Eating on the job
Getting past the oops moment: The art of the meal
By Donna Rosato, MONEY Magazine staff writer

NEW YORK (MONEY Magazine) - You douse a key client with bouillabaisse.

Don't just sit there.

Early in his career, Joseph Smith, a tax adviser to medical professionals, was dining with a vice president at the hospital where he worked in South Carolina when his attempt to slice a cherry tomato went terribly wrong. Juice shot up in an arc and onto the veep's lap.

Smith got lucky -- while he froze like a kid caught shoplifting, his lunch partner joked that she wanted to replace that skirt anyway.

What he should have done was try to help. That doesn't mean trying to clean it up yourself -- it's never a good idea to swab a colleague's body parts. Hand over a clean napkin and hail a waiter.

Don't just say you're sorry.

"Always offer to have stained clothing cleaned or replaced if it's been ruined," says Peter Post, a director at the Emily Post Institute and co-author of "The Etiquette Advantage" in Business.

Tip Don't order bouillabaisse at a business lunch.

At the end of a meal, the check arrives and sits awkwardly for many long minutes.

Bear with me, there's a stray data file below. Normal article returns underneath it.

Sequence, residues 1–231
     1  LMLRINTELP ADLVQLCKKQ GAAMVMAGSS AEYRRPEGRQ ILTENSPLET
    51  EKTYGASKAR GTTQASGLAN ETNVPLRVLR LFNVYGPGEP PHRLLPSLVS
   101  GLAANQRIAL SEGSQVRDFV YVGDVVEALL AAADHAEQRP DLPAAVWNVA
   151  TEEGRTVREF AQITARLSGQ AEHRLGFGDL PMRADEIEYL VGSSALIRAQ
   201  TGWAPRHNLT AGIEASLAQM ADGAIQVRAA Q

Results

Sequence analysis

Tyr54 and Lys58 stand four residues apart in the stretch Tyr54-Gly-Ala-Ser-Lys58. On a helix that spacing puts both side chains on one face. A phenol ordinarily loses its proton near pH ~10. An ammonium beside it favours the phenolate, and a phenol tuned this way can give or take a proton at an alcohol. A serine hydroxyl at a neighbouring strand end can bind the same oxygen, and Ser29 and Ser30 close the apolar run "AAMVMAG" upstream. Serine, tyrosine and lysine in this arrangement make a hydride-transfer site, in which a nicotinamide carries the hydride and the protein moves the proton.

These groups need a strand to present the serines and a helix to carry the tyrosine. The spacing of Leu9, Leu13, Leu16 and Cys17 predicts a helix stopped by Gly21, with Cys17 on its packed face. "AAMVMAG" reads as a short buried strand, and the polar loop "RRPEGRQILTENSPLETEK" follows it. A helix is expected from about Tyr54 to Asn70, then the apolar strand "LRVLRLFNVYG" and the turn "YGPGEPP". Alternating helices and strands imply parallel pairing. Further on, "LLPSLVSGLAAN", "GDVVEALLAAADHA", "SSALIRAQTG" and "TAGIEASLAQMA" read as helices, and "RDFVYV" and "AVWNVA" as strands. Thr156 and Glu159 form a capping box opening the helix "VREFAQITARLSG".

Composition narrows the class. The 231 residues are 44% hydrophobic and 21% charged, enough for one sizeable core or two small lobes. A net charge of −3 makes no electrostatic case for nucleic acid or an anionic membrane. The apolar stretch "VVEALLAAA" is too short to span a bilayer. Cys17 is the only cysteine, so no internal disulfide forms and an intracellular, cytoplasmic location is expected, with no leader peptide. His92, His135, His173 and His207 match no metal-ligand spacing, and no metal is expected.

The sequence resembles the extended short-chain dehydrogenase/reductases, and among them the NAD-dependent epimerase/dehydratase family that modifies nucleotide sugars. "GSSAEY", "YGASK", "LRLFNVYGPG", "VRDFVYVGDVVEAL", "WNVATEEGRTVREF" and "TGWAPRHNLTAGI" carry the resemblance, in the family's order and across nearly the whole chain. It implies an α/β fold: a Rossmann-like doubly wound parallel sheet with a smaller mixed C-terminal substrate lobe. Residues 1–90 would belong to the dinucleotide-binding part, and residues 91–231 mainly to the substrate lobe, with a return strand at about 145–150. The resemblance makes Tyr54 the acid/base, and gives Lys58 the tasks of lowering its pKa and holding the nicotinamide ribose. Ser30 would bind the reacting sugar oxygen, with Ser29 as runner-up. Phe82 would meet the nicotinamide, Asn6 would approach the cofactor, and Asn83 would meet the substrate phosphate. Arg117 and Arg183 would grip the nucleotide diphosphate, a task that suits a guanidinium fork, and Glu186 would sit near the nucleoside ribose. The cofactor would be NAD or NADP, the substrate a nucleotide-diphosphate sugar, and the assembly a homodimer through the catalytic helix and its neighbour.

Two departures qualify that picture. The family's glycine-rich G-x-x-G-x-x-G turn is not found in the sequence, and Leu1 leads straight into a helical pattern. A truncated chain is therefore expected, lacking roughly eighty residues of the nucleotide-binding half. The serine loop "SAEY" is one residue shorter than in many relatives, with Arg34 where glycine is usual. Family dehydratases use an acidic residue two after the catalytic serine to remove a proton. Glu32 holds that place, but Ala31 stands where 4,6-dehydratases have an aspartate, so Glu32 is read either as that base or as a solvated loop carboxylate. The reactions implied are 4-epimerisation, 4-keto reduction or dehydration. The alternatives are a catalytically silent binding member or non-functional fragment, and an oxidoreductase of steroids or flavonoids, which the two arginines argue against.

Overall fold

The person who did the inviting should pay, says Post. But if the host lets the check languish, you're in a tough spot: You could glance at the check with an awkward "Okay, let's see what the damage is," but that suggests you're eager to leave when in fact he might have every intention of paying when he's done doing business. Eventually you have to make a call: Wait it out or offer to split it.

Tip When you're the host, avoid putting guests in this position. Give the matre d' your card up front.

At Michael's, a Manhattan power spot, "Barbara Walters will hand me her credit card before the meal and ask me to add a 20 percent tip to the bill," says general manager Steve Millington.

The CEO starts choking.

Help! This is no time to be polite. If he's really in trouble, do the Heimlich. He'd rather have your fist in his stomach than a french fry in his esophagus. That may seem obvious, but hugging from behind the person who determines your salary isn't exactly instinctive.

One Manhattan media executive witnessed her boss choking on a salad while almost everyone sat, paralyzed, not sure whether to step in. One person did.

"When it came time for reviews, the boss was reminded that the person had saved his life. Let's just say she wasn't let go."

If your Heimlich is a little rusty, call a waiter. Don't scream for a doctor -- that'll embarrass your boss. Even when choking, bosses don't like to be embarrassed.

How to deal with:

Public speaking gaffes, the boss factor, interview irregularities, adventures in e-mail and eating on the job.


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